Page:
Philosophy of Photography

I have published four articles on the Philosophy of Photography (see Publications page). I am currently preparing four new articles and a book on Aesthetics and Photography:

1) The Photographic Event: Philosophical Scepticism and Photographic Art

Unlike most Art Historians, many Philosophers continue to think that the automatism of the photographic process is an obstacle for accepting photographs as significant works of art. If a photograph is ‘mind-independent’, how can it manifest the intentional states of the artist in aesthetically interesting ways? I present a philosophical account of the photographic process which is able to remove this obstacle.

My account is schematic (designed to cover the fullest range of photographic technologies) but also substantive (distinctively distinguishing photography from other image-making processes). I explain the photographic process as a multi-stage process which definitively includes the occurence of a ‘photographic event’. The products of this process include photo-objects and photo-images which can be understood as mind-independent, but mind-independence does not feature in the definition of a photograph.

Photographers can create photo-pictures by using objects, people and light sources – as a painter uses paintbrushes and paint. As pictures these photographs are mind-dependent and as photographs they have distinctive aesthetic qualities.

This article will appear in a collection produced by Plattform Fotografi, the proceedings of a conference at the Stockholm Museum of Modern Art (Photography Now, Tomorrow … 27-28 March 2010

2) Facing the Camera: Self-portraits of Photographers as Artists

Self-portrait photography presents a significant range of cases to investigate the relationship between automatism and artistic agency in photography; a relation that presents problems for the philosophy of art. I discuss self-portraits by photographers who examine and portray their own identities as artists working in the medium of photography. I argue that, properly understood, the automatism inherent in the production of a photograph has extended the tradition of self-portraiture, in a way that is radically different to previous visual arts.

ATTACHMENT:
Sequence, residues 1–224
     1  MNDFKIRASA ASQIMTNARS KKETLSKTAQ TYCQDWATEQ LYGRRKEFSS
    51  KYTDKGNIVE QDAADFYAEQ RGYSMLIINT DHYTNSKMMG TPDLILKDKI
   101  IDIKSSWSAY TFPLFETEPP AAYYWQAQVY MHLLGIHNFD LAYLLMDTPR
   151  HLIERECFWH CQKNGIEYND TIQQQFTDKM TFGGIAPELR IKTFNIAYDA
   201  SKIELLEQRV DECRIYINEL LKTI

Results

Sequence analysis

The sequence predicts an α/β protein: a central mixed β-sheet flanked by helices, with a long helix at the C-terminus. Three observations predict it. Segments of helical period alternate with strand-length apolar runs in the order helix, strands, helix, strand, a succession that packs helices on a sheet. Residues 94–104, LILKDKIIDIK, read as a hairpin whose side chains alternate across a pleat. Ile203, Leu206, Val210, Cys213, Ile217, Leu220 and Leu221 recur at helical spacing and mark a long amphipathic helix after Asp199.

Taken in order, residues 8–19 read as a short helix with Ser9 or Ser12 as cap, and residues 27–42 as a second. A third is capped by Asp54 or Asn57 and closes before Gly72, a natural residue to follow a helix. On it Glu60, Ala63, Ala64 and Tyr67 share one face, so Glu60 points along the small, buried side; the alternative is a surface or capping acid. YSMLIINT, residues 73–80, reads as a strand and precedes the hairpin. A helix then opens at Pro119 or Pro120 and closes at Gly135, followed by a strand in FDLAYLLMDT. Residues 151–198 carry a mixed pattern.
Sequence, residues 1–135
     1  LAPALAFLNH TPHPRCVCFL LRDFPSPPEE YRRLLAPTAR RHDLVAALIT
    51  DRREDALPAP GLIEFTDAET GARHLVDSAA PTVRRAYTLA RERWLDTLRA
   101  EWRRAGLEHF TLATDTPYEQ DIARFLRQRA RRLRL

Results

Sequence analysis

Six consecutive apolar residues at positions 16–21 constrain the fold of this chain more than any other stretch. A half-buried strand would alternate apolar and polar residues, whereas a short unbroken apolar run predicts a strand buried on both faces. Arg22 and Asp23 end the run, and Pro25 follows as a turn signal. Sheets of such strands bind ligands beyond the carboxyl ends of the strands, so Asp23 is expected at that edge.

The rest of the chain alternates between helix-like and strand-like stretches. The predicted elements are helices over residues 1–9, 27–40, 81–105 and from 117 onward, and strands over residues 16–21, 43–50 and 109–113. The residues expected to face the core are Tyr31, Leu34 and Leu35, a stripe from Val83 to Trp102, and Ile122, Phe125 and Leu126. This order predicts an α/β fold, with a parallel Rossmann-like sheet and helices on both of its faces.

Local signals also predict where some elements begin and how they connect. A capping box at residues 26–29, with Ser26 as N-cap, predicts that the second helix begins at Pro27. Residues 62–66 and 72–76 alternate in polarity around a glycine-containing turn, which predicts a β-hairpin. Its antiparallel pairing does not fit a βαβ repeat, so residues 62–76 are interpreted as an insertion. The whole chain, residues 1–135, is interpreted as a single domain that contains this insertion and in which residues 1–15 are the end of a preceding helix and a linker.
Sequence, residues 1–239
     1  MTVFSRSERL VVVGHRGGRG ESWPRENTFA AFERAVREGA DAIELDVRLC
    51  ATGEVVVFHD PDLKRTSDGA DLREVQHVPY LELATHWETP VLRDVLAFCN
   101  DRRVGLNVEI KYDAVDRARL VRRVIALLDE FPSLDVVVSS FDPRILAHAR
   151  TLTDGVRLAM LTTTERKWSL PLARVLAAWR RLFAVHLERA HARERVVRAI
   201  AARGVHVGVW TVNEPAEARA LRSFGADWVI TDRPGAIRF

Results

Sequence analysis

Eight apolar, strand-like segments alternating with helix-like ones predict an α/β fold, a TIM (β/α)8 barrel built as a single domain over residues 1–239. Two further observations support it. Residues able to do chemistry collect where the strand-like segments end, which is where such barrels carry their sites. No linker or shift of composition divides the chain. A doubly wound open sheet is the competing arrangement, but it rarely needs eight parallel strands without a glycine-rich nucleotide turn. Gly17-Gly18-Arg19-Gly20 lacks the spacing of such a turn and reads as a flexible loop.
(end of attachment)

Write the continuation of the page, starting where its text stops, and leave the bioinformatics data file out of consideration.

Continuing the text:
3) Does a Photograph ‘Capture a Moment in Time’?

We are told that a photograph captures a moment of time, and removes it from the temporal continuum, so that the photograph can bring that very moment across time. Apparently, in a photograph we can see a moment from the past, but see that moment as still present. This idea and others like it imply that photographs represent time in a sense that is distinctively different to other kinds of image. Various kinds of visual image represent time (pictorially or non-pictorially), but not in the way that a photograph is said to ‘capture’ time. In this article I discuss how we can make sense of this difference.

4) Works of Photography and Works of Music

Philosophical discussion of photography has been hindered by a number of entrenched preconceptions, including: i) an inadequate characterisation of the photographic process and ii) a dominant comparison between photographs and paintings. In the present essay I adopt a strategy that is designed to clear both of these obstacles, namely: exploring a comparison between works of photography and works of music. In section 2 I explain why music is a suitable object of comparison; and in section 3, I present my preferred characterisation of the photographic process. In section 4, I argue that photographic ‘visualisation’ can be legitimately compared with musical composition and prints can be compared with performances. I suggest that, when discussing certain kinds of photographic art, the category of ‘works’ of photography is more appropriate than ’photographs’.

5) Interview

I was interviewed for an NBC News article by Technology Reporter Nidhi Subbaraman. Her article, ‘It’s all about me! Why we love “Selfies”‘ was published on 20th July 2013.